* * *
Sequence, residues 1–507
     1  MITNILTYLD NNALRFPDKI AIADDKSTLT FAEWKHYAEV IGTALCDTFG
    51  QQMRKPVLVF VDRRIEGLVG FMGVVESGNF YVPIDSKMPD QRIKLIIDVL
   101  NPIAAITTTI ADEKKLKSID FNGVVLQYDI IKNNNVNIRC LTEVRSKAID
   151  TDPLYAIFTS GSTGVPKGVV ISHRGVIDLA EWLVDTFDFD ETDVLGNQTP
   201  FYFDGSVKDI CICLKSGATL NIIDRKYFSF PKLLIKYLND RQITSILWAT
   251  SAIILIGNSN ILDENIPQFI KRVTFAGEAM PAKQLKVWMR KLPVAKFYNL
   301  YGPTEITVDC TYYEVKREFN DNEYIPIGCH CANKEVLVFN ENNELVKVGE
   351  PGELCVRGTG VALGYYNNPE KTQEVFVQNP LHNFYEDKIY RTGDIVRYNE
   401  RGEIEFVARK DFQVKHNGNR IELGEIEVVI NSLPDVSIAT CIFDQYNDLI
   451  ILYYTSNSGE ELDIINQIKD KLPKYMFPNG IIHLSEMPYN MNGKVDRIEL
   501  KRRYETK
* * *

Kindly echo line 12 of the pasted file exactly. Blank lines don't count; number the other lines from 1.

   501  KRRYETK